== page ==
He remembers learning calculus from Will Hansen, who was “really fabulous with such a dry subject. He was all about data visualization, getting us to see the kinds of shapes and three-dimensional space that calculus formulas described. It was huge to have that understanding.” Hansen also occasionally whipped out a guitar and sang songs as Kermit the Frog. An English teacher introduced O’Briant to reading plays, which is something he had never done. In French, he read Molière and learned about things he hadn’t known existed. Between French literature and U.S. history, he saw a bigger world.
History runs deep in his family. O’Briant often took his disabled grandfather to monthly Civil War roundtable meetings to listen to different lecturers. His family vacations involved historic and archaeological sites like Mesa Verde, where he climbed ladders to visit cliff dwellings. Even with this background, he didn’t set out to become an archaeologist. Instead, he planned to study microbiology. “I was a huge nerd in high school,” he said. “I went to the Missouri Scholars Academy, the George Engelmann Math and Science Institute which was a camp for nerds, and band camp.” He learned about statistics, DNA, and plant physiology, but once he got to college he “found the subject matter interesting but the people weren’t.” He described science classes full of people studying the material only because it was a prerequisite for medical school. “There was no passion or love for the material,” he said. “It was intellectually sterile, and no fun.” He took an anthropology class with the encouragement of a friend and learned about the people of the Malaysian peninsula. “It was really fascinating. It had random facts about people who lived someplace I never paid any attention to.” This class turned him into a cultural anthropology major with a minor in South Asian studies.
He admits he wasn’t built for college, so he signed up for an archaeological field school in the summer to knock out an extra quarter early. What started out as a “just for the credits” class turned into a fascination with a prehistoric archaeological zone in Kampsville, Illinois. He realized that this was where his passion lay, and he was determined to dive in. “I ended up going back to the same field school and teaching at it for five years,” he said. “My whole life started turning on archaeology at that point.” He paused, reflected on the change from his major to his life’s work, chuckled, and said, “I got hung up on the wrong Indians, I guess.”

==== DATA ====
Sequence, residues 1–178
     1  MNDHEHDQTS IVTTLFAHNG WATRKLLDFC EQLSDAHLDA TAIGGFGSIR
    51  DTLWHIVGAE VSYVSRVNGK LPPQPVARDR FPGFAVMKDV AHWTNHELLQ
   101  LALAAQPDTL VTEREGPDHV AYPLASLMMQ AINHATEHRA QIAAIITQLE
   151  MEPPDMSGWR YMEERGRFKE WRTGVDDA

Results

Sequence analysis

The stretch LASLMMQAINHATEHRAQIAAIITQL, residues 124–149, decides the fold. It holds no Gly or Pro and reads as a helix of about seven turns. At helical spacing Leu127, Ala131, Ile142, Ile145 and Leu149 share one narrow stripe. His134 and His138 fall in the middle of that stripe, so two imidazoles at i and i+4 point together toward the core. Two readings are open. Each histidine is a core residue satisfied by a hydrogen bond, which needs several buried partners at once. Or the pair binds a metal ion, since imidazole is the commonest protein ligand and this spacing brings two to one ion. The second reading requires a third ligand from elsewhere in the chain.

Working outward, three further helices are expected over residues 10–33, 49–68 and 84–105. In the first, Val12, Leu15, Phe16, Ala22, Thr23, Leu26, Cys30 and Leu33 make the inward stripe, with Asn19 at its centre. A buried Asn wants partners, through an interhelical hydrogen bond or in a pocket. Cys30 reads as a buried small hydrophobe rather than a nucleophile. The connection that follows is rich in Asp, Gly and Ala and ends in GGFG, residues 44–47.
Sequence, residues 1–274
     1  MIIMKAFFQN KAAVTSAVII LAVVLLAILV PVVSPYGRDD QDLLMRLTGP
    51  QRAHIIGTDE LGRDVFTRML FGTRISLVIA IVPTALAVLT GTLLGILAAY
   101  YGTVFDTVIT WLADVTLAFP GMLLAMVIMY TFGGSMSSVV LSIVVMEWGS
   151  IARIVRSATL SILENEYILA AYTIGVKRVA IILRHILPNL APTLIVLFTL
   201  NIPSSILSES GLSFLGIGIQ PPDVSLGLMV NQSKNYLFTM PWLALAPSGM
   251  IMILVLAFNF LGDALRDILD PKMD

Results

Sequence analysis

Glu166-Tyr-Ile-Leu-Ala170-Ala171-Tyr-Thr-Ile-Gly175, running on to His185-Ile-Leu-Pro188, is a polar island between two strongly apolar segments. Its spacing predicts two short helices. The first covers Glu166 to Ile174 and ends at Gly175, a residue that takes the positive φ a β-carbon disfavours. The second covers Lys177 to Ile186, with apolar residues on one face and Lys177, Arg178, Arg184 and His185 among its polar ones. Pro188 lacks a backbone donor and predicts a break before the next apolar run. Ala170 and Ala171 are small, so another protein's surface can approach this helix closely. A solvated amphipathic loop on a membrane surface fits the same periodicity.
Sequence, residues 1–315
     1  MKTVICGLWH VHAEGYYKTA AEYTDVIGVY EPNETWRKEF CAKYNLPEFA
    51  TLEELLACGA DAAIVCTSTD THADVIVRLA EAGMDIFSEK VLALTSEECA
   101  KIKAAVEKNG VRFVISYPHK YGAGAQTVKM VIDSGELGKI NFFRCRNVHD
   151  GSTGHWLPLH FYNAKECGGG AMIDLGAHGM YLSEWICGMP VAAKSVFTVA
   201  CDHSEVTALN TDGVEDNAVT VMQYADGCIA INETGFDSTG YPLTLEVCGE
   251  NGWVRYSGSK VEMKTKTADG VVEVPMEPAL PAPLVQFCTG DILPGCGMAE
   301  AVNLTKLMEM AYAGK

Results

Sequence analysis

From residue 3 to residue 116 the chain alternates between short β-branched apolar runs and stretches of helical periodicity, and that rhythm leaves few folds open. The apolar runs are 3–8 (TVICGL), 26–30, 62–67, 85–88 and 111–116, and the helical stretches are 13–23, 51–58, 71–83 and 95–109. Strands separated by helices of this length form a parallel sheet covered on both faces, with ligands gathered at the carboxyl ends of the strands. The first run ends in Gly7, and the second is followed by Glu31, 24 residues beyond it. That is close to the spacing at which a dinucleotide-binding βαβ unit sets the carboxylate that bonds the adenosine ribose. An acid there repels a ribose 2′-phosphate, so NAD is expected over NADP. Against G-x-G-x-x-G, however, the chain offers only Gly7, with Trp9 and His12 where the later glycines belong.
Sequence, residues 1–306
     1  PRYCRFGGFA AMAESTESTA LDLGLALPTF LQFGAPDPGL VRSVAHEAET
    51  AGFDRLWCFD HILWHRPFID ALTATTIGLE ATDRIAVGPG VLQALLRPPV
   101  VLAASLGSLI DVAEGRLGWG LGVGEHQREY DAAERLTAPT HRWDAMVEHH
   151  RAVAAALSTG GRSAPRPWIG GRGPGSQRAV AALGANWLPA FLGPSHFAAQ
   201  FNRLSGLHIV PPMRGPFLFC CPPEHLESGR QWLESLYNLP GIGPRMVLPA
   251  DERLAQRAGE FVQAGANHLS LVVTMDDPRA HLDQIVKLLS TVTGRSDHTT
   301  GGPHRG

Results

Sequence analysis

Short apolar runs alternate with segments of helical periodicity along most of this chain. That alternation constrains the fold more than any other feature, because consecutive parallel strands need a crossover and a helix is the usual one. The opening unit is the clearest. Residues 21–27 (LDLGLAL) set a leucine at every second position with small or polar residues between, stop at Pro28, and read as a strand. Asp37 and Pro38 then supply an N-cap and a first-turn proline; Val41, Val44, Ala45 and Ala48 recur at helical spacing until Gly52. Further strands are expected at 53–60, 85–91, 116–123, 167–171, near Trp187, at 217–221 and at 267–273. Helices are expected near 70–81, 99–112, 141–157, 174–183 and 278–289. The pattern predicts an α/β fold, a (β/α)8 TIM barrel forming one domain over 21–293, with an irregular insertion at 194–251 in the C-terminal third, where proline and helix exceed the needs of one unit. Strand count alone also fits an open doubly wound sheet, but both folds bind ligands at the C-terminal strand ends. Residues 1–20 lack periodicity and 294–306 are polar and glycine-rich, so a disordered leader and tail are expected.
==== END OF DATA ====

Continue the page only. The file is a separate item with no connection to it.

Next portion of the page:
O’Briant firmly believes that the future of archaeology lies in accessibility. Right now, the focus of public archaeology is elementary education. It’s oriented to younger children and mostly focused on excavations. “Why are we focused on methodology and not the actual discipline?” he asks. Excavation is simply a data collection tool, and it’s often unnecessary given new technology such as ground-penetrating radar. Noninvasive methods allow the gathering of evidence without destroying the archaeological context, and it’s how that evidence is used that’s important. “We can reconstruct the ecological history of the place and examine the relationships between people and fire, people and plants, plants and fire…which landscapes are being created by people and which are doing their own thing.”
He also says that archaeology should be much more visible. Archaeologists today hide the exact locations of key physical discoveries due to a fear of looting and offer academic research loaded with jargon that makes information inaccessible to lay readers. O’Briant believes there’s a better way to engage the public. “It’s translation work,” he said. “How can I communicate my findings in simple language that gives people a better understanding of our world, how things came to be, and how things work? If we don’t know how things came to be, how can we undo them?” He dreams of a society that understands the utility of archaeology and creates legislation that supports the field and preserves heritage sites and values.
O’Briant encourages anyone who is interested in the sciences to pay close attention to everything around them. “See how things fit together. Science teaches us to be reductionist and specialize and focus into narrower and narrower places and this is a good methodology, but you have to remember that you’re just looking at a part of something and it’s connected to everything else.” He specialized in human osteology—skeletons—and knows “everything there is to know about a skeleton, but it’s still just a data set. I’m interested in human behavior over time and a skeleton can only tell me part of that.” His interests have since morphed into plants. “Plants can tell me more about people than their remains can.” He posits that education today is often intended to set people up with tools that give them the complete package of what they need to live. Instead, we should always be looking, always be learning. “It’s like giving a chef a knife roll. Good tools, but you still have to go buy food.”